The Catholic Voices Blog
Missed opportunity on the HHS mandate
The administration has again missed a chance to resolve a serious religious liberty controversy of its own creation.
Well over a year ago the Department of Health and Human Services mandated that all employers provide insurance coverage for contraception, sterilization, and abortion-causing drugs, even if doing so violates their deeply-held religious beliefs. The administration exempted only churches themselves from this requirement, ignoring the longstanding bipartisan consensus favoring broad protection for conscience rights. Not only that, to receive an exemption a church had to have the primary purpose of inculcating religious values, and had to serve and employ primarily members of its own faith. As New York’s Cardinal Timothy Dolan noted, “Jesus and His disciples would not qualify for the exemption.”
Even traditional administration allies balked at this cramped idea of whose religious beliefs were worthy of protection. HHS unsuccessfully tried to make the problem go away by postponing enforcement against some religious objectors for a year. Eventually it suggested an accommodation – insurers themselves could automatically provide the coverage to policyholders for free – that was widely dismissed as an accounting gimmick, and an unworkable one at that.
These ineffective attempts to resolve the issue satisfied very few, and soon a broad array of religious schools, hospitals, social service agencies, and private employers challenged the HHS mandate in court. Currently over 130 plaintiffs in 44 mandate cases are attempting to vindicate their religious liberty rights. Momentum in the cases litigated so far runs decidedly against the administration, and the first appellate court to hear the matter ordered the government to publish a revised rule in the first quarter of 2013.
This legal pressure no doubt led to the administration’s attempt to square the circle last Friday. The latest proposal takes positive steps: it removes the exemption’s unprecedented language requiring that religious groups focus on the "inculcation" of religion, and that they serve and employ only those who share their faith, in order to fall within the exemption. It also sidesteps some potential Establishment Clause concerns. But these welcome changes still don’t resolve fundamental religious liberty questions at stake. Most objecting religious employers are in the same position they were before Friday, faced with a choice between giving up their religious beliefs or facing crippling government fines.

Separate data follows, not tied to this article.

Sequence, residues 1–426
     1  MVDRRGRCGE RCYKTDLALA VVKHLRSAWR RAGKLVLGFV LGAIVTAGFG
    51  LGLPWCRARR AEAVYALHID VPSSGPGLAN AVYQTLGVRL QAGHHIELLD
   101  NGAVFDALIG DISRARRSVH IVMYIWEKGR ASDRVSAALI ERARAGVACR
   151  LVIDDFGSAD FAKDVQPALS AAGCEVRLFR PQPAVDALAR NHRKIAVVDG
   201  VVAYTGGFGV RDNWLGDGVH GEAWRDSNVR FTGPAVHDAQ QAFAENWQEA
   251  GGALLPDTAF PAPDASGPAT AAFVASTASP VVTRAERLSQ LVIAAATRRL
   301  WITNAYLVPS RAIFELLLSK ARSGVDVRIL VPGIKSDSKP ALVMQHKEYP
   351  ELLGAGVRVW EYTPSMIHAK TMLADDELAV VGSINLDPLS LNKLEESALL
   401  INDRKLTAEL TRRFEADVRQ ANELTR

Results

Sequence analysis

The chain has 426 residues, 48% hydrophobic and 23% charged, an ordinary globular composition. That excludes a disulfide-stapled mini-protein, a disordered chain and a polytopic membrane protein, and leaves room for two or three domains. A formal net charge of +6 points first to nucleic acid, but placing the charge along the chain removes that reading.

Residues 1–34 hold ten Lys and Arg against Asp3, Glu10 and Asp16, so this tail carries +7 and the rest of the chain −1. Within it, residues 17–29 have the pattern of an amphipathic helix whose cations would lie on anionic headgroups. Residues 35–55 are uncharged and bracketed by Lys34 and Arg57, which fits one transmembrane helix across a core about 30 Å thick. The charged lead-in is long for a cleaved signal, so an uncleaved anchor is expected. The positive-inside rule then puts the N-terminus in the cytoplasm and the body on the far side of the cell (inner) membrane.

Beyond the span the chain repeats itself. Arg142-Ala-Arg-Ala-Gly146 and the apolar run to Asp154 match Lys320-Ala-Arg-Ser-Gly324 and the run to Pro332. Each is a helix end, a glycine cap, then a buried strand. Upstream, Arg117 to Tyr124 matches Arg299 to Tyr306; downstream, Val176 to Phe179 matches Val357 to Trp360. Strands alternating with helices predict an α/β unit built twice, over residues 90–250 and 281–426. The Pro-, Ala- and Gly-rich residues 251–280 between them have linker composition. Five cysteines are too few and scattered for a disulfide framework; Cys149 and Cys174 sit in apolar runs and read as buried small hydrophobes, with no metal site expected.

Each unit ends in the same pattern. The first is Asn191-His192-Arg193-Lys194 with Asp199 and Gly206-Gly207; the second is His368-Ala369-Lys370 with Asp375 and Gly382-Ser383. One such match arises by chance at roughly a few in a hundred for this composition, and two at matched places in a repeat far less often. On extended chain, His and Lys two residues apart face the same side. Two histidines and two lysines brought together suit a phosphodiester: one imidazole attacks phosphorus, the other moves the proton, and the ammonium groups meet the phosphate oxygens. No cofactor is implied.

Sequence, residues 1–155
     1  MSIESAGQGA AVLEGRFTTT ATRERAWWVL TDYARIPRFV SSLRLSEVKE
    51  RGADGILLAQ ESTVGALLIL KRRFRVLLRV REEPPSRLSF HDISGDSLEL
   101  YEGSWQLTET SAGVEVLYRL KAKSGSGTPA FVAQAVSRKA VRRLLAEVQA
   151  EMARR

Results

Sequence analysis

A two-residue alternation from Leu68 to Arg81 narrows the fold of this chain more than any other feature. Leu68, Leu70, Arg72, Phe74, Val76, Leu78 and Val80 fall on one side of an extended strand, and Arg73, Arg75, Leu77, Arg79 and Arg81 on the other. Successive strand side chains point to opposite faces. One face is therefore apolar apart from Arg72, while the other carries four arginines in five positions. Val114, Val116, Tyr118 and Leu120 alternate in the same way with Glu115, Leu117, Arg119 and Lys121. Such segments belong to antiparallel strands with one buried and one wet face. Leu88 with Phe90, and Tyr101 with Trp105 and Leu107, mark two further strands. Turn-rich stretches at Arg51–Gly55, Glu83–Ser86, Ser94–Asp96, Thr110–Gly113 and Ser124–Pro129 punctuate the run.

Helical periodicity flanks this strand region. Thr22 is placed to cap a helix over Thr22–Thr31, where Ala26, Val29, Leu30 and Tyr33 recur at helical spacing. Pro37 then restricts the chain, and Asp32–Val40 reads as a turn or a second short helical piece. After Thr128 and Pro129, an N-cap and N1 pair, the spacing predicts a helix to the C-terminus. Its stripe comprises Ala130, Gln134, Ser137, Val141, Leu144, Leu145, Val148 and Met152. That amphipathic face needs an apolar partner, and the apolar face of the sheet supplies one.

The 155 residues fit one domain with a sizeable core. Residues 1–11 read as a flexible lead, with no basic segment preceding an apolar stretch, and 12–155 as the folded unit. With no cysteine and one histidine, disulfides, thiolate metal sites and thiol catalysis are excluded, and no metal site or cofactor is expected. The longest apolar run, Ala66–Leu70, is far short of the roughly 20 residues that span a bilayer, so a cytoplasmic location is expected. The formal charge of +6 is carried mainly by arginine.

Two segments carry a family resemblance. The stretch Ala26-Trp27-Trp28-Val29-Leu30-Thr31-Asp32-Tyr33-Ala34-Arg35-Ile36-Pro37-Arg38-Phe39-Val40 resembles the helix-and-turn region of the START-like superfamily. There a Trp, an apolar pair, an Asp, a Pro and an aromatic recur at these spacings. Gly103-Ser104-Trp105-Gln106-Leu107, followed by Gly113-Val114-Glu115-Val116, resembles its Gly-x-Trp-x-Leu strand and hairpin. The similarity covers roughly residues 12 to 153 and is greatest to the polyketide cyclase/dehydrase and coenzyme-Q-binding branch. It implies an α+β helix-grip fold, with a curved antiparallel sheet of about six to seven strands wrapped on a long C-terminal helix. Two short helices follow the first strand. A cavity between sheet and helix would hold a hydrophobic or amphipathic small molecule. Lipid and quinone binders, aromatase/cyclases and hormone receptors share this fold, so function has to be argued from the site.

Take that narrow exemption. Its most objectionable language has been removed, but functionally the exemption hasn’t been broadened at all. The administration admits as much, stating that “this proposal would not expand the universe of employer plans that would qualify for the exemption beyond that which was intended in the 2012 final rules.” In other words, colleges, hospitals, and most social service organizations are still not exempt from the mandate.
Or take the accommodation for religious non-profits. Once again the administration ignores many groups’ view that it’s not just about the money: facilitating access to objectionable goods and services violates their religious beliefs as well. Instead of responding to this concern, the administration offers an updated version of its accounting gimmick, requiring the religious groups’ insurance companies to automatically issue separate policies to cover contraception, sterilization, and abortion-causing drugs. It remains unclear where HHS gets the authority to force insurers to issue these policies, and who will ultimately pay. And as before, those who self-insure are left without a concrete, workable solution.
What about for-profit employers? Once again, the latest proposal fails to protect their religious freedom. But when it comes to religious liberty, why should it matter whether an organization is run as a non-profit or a for-profit entity? Private employers have raised strong religious liberty claims that have yet to receive adequate answers.
Common-sense conscience protections are routinely included in legislation that raises religious liberty concerns. Had that path been pursued at the outset, this intractable controversy could have been avoided. Instead, religious employers still struggle to be heard. With this latest round of mandate revisions, the administration has missed another opportunity to take religious liberty seriously.